Induction Problem

A party has $n \geq 2$ people. A celebrity is a person who knows nobody, but everyone knows the celebrity. If you ask questions of the form Does $A$ know $B$ ? prove that you can figure out who the celebrity is (or that there is no celebrity) using $3 n - 4$ questions.

Stable Marriage

There are $n$ men and $n$ women. Each man has his own preference list of the women, and likewise for the women. The goal is to pair up the men and women according to their preferences.

Definitions

• pairing - a set of $n$ pairs of men and women
• rogue couple - given a pairing, a man and a woman form a rogue couple if they would rather be with each other than their current partners
• stable - a pairing is stable if there are no rogue couples
• optimal - the optimal woman for a man is the best woman the man could be paired with over all stable pairings

Stable Marriage Algorithm

The men go down their lists, proposing to women. When a woman receives multiple proposals, she keeps her favorite man on her string and rejects the other men, who continue down their lists. The algorithm ends when every woman receives one proposal.

Improvement Lemma - if a woman has a man on her string, then for every day after she will either have the same man or a better man on her string

Theorem - the algorithm always terminates with a male-optimal stable pairing

Worksheet

1. Stable Marriage

The algorithm takes four days (it terminates on the fifth) and the final pairing is $(A,2),(B,1),(C,3)$.

2. Propose-and-Reject Proofs

a The Improvement Lemma says if a woman receives a proposal, then on each day after she will either have the same man on her string or get proposals from better men.

b Suppose for the sake of contradiction that she receives no proposal on day $i$ but receives a proposal on a previous day $j$. Then using part a, since she receives a proposal on day $j$ she receives proposals for all subsequent days, including day $i$. This contradicts the assumption that she receives no proposal on day $i$.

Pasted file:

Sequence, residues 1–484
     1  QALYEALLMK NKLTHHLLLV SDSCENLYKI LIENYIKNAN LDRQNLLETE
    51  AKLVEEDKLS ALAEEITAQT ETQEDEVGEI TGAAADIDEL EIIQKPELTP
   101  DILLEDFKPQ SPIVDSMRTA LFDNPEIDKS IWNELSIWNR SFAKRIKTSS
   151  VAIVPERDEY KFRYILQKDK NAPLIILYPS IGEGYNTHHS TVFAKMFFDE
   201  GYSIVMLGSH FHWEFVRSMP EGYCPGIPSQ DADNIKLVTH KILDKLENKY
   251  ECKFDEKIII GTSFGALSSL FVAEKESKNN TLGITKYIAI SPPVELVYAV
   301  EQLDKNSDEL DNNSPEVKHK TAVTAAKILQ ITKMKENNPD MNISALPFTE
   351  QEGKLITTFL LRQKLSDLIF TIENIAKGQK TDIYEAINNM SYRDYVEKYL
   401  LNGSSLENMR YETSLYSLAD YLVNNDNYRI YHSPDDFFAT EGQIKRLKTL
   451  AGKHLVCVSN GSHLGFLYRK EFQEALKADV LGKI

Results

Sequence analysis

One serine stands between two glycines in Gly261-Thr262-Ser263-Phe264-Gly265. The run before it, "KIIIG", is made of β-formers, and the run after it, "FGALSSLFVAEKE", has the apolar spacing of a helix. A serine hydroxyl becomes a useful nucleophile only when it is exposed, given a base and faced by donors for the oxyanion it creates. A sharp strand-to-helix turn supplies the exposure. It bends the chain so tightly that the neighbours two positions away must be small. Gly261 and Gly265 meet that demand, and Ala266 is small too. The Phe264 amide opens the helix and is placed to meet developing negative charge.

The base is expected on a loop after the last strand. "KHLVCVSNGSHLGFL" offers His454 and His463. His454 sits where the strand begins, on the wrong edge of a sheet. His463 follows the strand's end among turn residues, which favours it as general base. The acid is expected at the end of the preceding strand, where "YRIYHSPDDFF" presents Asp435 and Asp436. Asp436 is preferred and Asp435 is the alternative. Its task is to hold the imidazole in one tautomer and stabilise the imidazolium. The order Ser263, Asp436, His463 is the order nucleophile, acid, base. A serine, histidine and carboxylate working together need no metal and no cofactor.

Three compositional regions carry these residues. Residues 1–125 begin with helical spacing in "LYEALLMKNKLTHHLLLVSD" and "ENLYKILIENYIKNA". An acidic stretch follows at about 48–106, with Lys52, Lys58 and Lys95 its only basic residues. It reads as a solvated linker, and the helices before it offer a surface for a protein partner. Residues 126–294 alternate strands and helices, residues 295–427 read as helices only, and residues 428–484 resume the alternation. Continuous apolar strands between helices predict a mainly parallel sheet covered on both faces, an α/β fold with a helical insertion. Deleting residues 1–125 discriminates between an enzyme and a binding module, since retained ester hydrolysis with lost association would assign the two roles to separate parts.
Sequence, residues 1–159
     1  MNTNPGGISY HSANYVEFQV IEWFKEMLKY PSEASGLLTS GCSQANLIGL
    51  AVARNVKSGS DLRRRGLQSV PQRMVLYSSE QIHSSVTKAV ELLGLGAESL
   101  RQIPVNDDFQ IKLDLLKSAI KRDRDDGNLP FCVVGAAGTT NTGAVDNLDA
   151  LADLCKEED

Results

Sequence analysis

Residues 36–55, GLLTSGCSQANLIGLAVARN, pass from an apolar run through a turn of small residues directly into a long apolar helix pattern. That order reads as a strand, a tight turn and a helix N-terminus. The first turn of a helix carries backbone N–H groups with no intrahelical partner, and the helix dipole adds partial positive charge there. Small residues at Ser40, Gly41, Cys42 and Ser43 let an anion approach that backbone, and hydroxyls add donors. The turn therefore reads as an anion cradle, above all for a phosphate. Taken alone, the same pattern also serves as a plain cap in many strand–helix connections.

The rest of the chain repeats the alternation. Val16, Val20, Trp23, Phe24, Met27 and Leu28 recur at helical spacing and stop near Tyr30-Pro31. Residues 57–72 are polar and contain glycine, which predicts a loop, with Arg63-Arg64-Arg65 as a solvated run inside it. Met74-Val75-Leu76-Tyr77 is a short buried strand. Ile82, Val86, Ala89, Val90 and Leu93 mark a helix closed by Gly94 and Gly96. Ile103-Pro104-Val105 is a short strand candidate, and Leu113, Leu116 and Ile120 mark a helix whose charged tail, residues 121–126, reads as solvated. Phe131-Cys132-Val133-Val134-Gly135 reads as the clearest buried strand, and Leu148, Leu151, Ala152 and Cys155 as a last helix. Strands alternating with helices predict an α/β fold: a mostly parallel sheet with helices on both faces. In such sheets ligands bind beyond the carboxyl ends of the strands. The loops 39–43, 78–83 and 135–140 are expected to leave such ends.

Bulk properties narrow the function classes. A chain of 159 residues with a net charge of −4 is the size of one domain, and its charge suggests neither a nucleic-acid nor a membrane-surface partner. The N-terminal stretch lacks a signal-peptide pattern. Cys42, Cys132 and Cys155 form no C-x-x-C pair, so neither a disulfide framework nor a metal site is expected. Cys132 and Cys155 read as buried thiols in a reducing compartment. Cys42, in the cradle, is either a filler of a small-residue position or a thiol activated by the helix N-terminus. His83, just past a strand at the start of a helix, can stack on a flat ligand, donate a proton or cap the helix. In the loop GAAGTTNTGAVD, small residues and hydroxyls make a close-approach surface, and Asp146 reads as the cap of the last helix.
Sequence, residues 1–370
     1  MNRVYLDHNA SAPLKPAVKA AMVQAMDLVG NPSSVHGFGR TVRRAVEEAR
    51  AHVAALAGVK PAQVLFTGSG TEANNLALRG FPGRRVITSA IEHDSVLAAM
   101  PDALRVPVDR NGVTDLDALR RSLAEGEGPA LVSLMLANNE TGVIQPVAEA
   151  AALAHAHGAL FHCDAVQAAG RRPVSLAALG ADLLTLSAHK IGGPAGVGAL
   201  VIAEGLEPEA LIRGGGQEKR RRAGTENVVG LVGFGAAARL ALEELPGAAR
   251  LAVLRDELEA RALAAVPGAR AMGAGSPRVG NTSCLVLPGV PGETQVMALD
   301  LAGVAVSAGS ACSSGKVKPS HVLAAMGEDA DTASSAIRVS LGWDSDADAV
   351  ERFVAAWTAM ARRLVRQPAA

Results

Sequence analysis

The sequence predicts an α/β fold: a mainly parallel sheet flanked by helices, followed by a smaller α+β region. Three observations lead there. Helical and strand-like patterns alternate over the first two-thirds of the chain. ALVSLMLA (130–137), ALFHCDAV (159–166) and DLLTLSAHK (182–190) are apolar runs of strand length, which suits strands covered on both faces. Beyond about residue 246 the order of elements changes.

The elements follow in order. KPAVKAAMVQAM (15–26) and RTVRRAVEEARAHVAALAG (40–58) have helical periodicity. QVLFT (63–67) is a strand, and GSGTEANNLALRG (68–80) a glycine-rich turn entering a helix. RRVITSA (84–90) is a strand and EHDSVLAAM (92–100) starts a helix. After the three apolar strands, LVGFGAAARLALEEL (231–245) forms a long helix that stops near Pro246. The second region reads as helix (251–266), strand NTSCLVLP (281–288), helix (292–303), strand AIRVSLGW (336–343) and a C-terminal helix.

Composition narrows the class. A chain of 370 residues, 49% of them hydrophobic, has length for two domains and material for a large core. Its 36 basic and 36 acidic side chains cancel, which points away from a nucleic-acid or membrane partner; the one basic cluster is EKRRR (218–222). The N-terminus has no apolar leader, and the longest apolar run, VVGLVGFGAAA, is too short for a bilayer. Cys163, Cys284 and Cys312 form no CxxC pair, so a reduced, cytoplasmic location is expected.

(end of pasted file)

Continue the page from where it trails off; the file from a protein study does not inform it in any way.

c Let the number of days the algorithm takes be $k$. Since the algorithm ends, every woman has a proposal on day $k$. Since the algorithm does not end on day $k-1$, there is some woman who does not have a proposal on day $k-1$. Then using part b, she did not receive proposals on all days before $k-1$, so she only receives one proposal (on day $k$).

3. Be a Judge

a False. If this were true that would mean every man gets rejected $n-1$ times and every woman gives $n-1$ rejections. This contradicts what we proved before: that there is some woman who is proposed to exactly once.

If $n=2$, can this be true?

b True. Suppose they aren’t paired, so that in the final pairing we see the pairs $(M, W')$ and $(M', W)$. In this final pairing, $M$ and $W$ form a rogue couple since they each prefer the other over their current partners. Therefore this isn’t a stable pairing.

c False. Consider the counterexample with $n=2$ with men $1$ and $2$ and women $A$ and $B$. Both men have the preference list $B > A$ and both women have the preference list $2 > 1$. The algorithm terminates with the pairing $(A, 1), (B, 2)$.

d True. If for every pair $(M_i, W_i)$ they each have the other as their least favorite partner, then any other choice of $M_j$ and $W_k$ is a rogue couple.

Induction Problem Solution

Base case

For $n=2$, we ask the two questions Does $A$ know $B$? and Does $B$ know $A$?

Inductive hypothesis

Assume that at a party with $n$ people we can figure out who the celebrity is using $3 n - 4$ questions.

Inductive step

Our goal is to show that at a party with $n+1$ people we need to use $3(n+1)-4$ questions. First we ask Does $A$ know $B$? If $A$ knows $B$, then $A$ is not a celebrity; otherwise, if $A$ does not know $B$, then $B$ is not celebrity. In both cases, we are left with $n$ people who are potentially celebrities. So, we can use our inductive hypothesis and ask $3 n - 4$ questions to learn one of the following:

1. There’s no celebrity among the $n$ people, and since the person we excluded is not a celebrity, we know there is no celebrity among the $n+1$ people. We use one additional question, meaning we ask a total of $3 n -3$ questions.
2. There’s a celebrity among the $n$ people, but we need to check whether this person is still a celebrity among the $n+1$ people. This requires us to ask two questions: whether the potential celebrity and the $n+1$th person know each other. We use three additional questions, meaning we ask a total of $3 n - 1$ questions.